‘Saviour Siblings’? The Distinction between PGD with HLA Tissue Typing and Preimplantation HLA Tissue Typing
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One of the more controversial uses of preimplantation genetic diagnosis (PGD) involves selecting embryos with a specific tissue type so that the child to be born can act as a donor to an existing sibling who requires a haematopoietic stem cell transplant. PGD with HLA tissue typing is used to select embryos that are free of a familial genetic disease and that are also a tissue match for an existing sibling who requires a transplant. Preimplantation HLA tissue typing occurs when parents select embryos that are not at risk of a familial genetic disease to be a match for an existing sibling who requires a transplant. In Victoria, Australia, applications to use PGD with HLA tissue typing are reviewed by the Infertility Treatment Authority on a case by case basis. Preimplantation HLA tissue typing is prohibited prima facie because the embryo to be tested would not be at risk for a genetic abnormality or disease. Arguments for or against the use of PGD/HLA tissue typing are based on several key issues including the commodification and welfare of the donor child. This essay aims to show that that the same arguments apply to both PGD with HLA tissue typing and Preimplantation HLA tissue typing, and that the policy distinction between the two procedures is therefore ethically inconsistent.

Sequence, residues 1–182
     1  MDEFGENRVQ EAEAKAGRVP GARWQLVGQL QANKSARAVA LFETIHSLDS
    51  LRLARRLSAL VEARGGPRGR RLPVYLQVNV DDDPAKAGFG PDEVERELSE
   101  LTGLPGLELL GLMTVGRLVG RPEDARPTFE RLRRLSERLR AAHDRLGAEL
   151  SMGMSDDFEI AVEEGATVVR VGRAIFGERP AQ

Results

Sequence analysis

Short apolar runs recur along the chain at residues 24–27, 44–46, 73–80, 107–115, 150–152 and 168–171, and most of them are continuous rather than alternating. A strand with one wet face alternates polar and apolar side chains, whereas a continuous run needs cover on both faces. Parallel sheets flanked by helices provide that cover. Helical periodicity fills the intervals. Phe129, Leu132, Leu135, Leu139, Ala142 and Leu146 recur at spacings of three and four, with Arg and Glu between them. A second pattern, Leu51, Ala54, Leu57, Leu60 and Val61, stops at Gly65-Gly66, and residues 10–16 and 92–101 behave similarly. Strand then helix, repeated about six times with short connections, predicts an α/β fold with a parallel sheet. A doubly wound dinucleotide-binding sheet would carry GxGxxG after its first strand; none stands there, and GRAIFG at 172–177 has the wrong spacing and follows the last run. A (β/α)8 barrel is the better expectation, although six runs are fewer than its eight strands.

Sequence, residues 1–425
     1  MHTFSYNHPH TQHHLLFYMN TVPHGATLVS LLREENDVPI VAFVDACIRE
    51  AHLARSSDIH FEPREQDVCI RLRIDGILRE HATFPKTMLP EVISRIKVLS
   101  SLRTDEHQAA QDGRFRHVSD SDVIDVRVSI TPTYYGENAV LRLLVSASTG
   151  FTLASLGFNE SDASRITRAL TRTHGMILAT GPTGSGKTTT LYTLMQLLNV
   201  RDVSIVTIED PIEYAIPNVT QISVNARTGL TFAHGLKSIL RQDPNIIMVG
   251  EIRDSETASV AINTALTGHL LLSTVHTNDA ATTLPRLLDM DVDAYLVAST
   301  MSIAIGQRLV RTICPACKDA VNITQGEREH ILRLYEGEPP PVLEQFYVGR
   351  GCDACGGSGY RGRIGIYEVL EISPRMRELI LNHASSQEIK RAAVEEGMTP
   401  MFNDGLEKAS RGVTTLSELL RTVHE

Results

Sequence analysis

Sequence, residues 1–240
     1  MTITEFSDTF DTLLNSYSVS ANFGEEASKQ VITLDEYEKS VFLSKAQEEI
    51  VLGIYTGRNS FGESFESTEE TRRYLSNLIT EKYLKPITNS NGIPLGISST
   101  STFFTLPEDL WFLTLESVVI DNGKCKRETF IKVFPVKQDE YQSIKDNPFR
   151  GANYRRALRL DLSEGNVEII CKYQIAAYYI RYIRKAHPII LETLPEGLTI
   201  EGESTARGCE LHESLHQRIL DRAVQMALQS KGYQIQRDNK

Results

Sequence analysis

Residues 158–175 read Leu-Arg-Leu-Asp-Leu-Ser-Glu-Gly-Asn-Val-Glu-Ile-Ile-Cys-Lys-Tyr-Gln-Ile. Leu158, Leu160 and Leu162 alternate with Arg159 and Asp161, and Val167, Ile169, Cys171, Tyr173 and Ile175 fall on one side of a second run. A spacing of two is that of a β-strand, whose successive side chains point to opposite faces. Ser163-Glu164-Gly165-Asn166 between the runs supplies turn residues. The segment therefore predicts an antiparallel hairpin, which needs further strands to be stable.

KeywordsPreimplantation diagnosis Genetic screening Hematopoietic stem cell transplantation Ethics Legislation
The author would like to thank the Fulbright Commission whose generous funding made this report possible. Special recognition is also due to Helen Szoke, Louise Johnson, and the Infertility Treatment Authority, who all graciously gave of their time to support this endeavour. Lastly, I would like to thank Neil Levy, my supervisor at the Centre for Applied Philosophy and Public Ethics.
Conflicts of Interest
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